The Tax Evasion Games

January 4, 2015 Updated: April 23, 2016

Senator Lindsey Graham from South Carolina once shared his view about the concept of taxation:

“It’s really American to avoid paying taxes, legally. As long as it was legal, I’m OK with it. I don’t blame anybody for using the tax code to their advantage. I blame us for having it so complicated and confused.

“It’s a game we play,” Graham added. “Every American tries to find the way to get the most deductions they can. I see nothing wrong with playing the game because we set it up to be a game – as long as they don’t cheat.”

Currently most corporations doing business in America pay a lower tax rate than the average citizen, while about one-fourth of the largest companies pay no federal income tax at all.

It’s hard to spot a true winner in a least-taxes-paid competition. The tax code is full of holes big enough for a lawyer to run through. Not all income is taxable, and taxes collected in one year often turn into refunds or credits the following year.

Some years it’s pretty easy. For example, Exxon Mobil earned the 2009 trophy – $19 billion in profits; $0 federal income taxes paid. That’s tough to beat, especially when you add the $156 million tax rebate Exxon Mobil received that same year.

Second place that year went to Bank of America for a unique trifecta: cashing a $1.9 billion tax refund while making $4.4 billion in profits and receiving a bailout of nearly $1 trillion from the Federal Treasury, all in the same year.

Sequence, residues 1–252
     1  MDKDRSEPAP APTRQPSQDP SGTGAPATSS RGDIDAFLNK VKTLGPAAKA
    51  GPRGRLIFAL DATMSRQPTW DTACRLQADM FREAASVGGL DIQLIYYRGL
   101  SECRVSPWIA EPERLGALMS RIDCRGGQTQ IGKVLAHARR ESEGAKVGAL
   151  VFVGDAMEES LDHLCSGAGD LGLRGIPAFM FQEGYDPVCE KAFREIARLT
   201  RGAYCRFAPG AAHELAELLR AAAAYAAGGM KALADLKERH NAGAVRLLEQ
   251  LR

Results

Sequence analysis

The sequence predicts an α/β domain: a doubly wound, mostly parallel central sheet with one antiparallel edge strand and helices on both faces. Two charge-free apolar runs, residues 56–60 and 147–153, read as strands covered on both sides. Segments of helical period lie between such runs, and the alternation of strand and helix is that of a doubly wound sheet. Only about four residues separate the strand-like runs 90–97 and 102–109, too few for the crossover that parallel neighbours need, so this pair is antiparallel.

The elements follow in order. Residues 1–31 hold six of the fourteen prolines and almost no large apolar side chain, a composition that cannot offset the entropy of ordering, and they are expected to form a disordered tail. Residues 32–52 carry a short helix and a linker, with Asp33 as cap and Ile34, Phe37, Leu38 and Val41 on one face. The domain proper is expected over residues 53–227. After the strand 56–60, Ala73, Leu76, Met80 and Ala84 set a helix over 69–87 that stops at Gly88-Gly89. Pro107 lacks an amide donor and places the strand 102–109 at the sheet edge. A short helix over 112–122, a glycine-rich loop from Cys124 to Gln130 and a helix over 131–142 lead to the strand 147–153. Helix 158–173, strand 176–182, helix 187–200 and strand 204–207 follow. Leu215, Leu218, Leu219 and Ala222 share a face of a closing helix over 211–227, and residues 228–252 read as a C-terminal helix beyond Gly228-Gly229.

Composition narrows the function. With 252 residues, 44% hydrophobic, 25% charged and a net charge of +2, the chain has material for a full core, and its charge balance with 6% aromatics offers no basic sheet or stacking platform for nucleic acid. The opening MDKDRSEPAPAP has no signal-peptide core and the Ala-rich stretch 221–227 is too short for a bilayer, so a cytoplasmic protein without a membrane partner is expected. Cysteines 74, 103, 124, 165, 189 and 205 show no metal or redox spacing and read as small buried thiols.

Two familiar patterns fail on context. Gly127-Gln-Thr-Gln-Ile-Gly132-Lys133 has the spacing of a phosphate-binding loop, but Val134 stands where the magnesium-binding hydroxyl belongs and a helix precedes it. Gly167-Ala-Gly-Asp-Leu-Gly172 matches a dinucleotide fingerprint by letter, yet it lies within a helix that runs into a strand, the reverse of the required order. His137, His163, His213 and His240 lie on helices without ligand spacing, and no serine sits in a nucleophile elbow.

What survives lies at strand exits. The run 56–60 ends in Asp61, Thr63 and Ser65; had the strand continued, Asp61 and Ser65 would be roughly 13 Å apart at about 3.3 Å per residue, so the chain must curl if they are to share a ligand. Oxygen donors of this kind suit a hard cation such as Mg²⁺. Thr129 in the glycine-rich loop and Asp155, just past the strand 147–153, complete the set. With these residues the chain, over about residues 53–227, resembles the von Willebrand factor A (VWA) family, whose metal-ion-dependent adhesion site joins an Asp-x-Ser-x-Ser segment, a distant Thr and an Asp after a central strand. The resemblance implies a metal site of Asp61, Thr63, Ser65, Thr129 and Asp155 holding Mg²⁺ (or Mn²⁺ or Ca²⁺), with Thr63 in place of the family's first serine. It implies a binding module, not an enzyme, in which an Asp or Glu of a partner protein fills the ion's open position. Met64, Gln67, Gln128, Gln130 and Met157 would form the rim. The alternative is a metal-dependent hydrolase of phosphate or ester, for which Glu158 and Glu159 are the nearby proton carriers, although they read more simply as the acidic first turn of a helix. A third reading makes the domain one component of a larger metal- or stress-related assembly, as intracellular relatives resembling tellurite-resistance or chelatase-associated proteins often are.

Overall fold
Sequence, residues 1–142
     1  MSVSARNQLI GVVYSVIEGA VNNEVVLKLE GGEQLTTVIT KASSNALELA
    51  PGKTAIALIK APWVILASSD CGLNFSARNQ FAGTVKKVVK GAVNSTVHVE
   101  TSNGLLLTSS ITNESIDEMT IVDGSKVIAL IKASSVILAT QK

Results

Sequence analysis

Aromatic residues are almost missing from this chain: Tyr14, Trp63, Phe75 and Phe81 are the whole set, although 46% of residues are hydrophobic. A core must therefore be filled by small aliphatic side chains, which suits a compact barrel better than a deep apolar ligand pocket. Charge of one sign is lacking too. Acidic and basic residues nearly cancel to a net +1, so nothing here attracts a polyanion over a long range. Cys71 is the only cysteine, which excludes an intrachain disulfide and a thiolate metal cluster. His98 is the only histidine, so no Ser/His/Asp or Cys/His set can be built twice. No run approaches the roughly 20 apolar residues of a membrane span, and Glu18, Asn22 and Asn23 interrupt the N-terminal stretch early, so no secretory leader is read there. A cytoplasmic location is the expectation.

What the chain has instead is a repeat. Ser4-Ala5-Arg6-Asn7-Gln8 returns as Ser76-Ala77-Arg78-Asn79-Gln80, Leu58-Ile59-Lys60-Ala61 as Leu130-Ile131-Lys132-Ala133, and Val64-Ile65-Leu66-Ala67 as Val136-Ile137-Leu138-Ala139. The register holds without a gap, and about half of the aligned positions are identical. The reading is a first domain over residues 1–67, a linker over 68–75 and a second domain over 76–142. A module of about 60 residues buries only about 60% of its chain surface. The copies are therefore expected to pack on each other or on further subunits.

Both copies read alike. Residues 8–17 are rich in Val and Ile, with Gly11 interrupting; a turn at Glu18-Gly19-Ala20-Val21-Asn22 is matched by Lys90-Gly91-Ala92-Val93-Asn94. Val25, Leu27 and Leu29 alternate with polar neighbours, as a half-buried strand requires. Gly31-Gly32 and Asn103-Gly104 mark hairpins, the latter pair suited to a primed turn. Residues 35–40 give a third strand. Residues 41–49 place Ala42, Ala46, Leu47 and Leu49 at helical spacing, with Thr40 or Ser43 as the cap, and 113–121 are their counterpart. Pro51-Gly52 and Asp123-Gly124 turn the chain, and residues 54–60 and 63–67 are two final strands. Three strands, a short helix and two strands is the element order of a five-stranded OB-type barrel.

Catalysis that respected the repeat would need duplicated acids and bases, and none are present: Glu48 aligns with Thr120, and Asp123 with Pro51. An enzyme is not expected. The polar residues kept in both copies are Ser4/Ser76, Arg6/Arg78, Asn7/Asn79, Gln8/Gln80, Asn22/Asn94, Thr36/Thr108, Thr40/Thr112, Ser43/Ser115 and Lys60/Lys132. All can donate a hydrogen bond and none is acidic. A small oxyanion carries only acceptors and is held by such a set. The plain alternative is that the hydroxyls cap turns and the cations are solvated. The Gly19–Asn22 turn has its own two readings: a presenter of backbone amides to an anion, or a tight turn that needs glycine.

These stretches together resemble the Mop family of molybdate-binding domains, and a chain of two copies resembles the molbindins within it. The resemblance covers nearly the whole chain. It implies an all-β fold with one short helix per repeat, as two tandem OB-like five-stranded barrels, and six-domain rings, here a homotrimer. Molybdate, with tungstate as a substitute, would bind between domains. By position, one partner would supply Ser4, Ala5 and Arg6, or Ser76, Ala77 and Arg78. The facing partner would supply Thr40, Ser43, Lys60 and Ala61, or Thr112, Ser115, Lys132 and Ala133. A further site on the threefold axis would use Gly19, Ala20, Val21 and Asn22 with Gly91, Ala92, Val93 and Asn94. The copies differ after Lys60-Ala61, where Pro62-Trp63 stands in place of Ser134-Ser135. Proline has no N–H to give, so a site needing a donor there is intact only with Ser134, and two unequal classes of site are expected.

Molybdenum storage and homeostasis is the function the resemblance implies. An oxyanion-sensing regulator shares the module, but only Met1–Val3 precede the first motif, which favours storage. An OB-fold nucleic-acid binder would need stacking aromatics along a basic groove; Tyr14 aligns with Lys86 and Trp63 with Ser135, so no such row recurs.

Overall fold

Citigroup landed in the top three for paying no income taxes on $4 billion in profits. It helps that they have 427 different foreign tax havens set up to transfer income out of IRS jurisdiction.

Goldman Sachs paid 1.1 percent of its 2008 income in taxes. Listed profits of $2.3 billion didn’t include the $800 billion bailout the corporation was given. Since it was taxpayer money to begin with, that income wasn’t taxed at all.

According to the Wall Street Journal, tax breaks during the past decade allowed General Electric to pay no taxes at all for the past two years. From 2005 through 2010, GE made $26 billion in profits in the U.S. – that’s after-all-expenses profit, not income. Despite those profits, GE also received $4.1 billion in tax rebates from the IRS.

As the NY Times stated in 2012, “GE is so good at avoiding taxes that some people consider its tax department to be the best in the world, even better than any law firm’s.”

And then there’s Gannett Corporation, owner of 23 television stations and 82 newspapers, including USA Today. In January of 2011, Gannett employees were told there would be no raises for the third year in a row and they would have to take a week off without pay. Two months later, $3 million in bonuses were given to the top two managers, along with about $17 million in stock options and other compensation – all of it handed to the two people who thought up that plan.

All of that might be acceptable if ethical behavior was a primary concern for corporate management teams, but many CEO’s and their underlings appear to be ethically challenged from a lack of practice.

The top 10 corporations doing business with the Dept. of Defense in 2009 received $144 billion in contracts. Going back to 1995, nine of those corporations have committed a total of 204 instances of contract fraud and environmental, ethics or labor violations.

The exception is Oshkosh Truck Co., which has committed no violations during the past 15 years. Oshkosh manufactures specialty trucks for the U.S. military, fire departments, and concrete and garbage hauling companies. It has annual sales of nearly $3 billion with products marketed under 10 different brand names.

Oshkosh Truck has followed the rules, it seems, and profited quite well. It’s too bad their behavior is so rare in Corporate America.